Larisa Shepitko studied under Dovzhenko at a film institute in Moscow, where she completed her first feature film. Wings was her first film after finishing at the institute. It shows a confident command of the medium. She was 28 at the time. She only completed a few other features, most notably The Ascent, before dying in a car crash at the age of 41. She still goes more unrecognized than she deserves. I have her at #9 on my Women's Directors Top 25 list.
Wings is the story of a World War II Soviet fighter pilot named Nadezhda Petrukhina, who has become a school principal. She is good at her job, but her thoughts often turn back to the time she spent flying, and she is dissatisfied when she compares her previous life to her current one. Nadezhda is played by Maya Bulgakova, who does a remarkable job of presenting an accomplished woman who mostly keeps her dissatisfaction to herself. The contrast between the drab institutional surroundings at her job and the airy, high-flying images of her time as a pilot, emphasizes what Nadezhda has lost. That her memories include the death of her lover, a fellow pilot, cast a darkness on those memories, doesn't erase the freedom those images of being in the air represents. (The cinematographer was Igor Slabnevich.)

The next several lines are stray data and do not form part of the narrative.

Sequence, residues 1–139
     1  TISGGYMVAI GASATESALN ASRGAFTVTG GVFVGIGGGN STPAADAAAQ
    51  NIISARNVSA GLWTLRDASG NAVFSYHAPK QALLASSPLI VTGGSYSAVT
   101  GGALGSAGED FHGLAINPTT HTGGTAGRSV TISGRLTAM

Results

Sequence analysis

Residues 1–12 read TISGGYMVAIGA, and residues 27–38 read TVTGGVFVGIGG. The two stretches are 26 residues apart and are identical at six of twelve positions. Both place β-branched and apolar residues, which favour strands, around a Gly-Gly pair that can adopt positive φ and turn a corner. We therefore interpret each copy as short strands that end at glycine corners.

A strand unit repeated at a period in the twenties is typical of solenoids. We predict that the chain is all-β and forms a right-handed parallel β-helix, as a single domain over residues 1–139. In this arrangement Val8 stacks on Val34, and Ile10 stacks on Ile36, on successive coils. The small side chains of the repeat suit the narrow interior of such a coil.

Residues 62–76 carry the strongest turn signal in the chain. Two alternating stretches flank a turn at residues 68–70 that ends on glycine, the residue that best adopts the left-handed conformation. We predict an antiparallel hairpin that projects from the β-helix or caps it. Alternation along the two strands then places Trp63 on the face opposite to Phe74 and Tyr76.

This is a quiet film that doesn't overstay its welcome (coming in at 85 minutes). The Ascent may be her masterpiece, but Wings is an important picture in its own right.